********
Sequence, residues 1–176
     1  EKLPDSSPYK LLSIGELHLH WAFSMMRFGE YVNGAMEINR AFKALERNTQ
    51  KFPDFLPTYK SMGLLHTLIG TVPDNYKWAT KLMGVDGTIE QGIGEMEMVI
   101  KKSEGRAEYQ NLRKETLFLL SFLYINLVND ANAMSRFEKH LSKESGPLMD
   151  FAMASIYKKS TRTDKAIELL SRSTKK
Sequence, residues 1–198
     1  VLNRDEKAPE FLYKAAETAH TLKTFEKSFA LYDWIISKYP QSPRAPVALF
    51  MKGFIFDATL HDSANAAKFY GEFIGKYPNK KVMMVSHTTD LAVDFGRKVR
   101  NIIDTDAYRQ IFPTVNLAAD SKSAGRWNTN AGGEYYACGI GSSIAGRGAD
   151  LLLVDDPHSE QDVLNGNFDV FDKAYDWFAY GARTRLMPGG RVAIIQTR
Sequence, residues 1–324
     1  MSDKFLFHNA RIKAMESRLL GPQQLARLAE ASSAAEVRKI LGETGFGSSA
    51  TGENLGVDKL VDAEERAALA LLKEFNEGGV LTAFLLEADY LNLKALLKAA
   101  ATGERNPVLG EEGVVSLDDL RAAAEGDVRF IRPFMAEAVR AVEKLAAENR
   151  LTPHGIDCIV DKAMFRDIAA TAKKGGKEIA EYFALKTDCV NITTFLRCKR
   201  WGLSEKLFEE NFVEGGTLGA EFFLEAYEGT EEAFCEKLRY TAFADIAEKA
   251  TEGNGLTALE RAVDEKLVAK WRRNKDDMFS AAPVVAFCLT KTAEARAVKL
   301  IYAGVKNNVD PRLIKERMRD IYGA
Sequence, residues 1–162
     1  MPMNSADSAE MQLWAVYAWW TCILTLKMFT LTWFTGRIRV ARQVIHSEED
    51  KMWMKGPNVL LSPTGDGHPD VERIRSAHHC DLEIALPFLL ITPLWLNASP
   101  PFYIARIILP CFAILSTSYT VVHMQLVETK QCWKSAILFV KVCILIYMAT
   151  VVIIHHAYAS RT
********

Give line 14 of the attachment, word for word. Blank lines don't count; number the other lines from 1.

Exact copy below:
   101  ATGERNPVLG EEGVVSLDDL RAAAEGDVRF IRPFMAEAVR AVEKLAAENR